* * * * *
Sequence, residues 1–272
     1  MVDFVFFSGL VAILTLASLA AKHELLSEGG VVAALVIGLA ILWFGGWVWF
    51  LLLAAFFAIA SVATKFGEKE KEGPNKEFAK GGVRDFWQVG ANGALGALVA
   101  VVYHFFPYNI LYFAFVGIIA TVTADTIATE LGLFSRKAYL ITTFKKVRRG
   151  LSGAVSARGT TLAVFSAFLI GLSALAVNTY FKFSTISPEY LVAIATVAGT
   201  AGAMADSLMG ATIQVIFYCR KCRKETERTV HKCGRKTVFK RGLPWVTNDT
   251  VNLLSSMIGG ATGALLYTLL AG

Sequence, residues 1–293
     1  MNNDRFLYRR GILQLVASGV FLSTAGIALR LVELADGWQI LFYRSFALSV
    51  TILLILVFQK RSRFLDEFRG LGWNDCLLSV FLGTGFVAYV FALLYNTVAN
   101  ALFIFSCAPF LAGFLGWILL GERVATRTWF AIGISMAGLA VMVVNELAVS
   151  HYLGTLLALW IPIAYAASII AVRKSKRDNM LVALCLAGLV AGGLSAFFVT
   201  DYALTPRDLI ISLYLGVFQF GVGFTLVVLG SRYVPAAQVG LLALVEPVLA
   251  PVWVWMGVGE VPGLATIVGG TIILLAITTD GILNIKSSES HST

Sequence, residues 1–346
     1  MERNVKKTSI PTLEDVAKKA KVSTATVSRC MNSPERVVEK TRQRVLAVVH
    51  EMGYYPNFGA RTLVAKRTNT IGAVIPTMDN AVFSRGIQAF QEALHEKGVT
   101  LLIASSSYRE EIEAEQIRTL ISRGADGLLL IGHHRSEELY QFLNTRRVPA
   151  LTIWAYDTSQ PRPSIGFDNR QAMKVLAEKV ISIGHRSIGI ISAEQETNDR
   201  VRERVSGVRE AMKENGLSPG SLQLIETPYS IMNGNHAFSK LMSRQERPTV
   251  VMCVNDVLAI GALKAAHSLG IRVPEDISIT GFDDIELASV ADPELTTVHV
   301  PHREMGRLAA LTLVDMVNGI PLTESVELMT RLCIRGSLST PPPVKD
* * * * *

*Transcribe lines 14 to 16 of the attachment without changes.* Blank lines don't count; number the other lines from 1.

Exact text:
   251  PVWVWMGVGE VPGLATIVGG TIILLAITTD GILNIKSSES HST

Sequence, residues 1–346
     1  MERNVKKTSI PTLEDVAKKA KVSTATVSRC MNSPERVVEK TRQRVLAVVH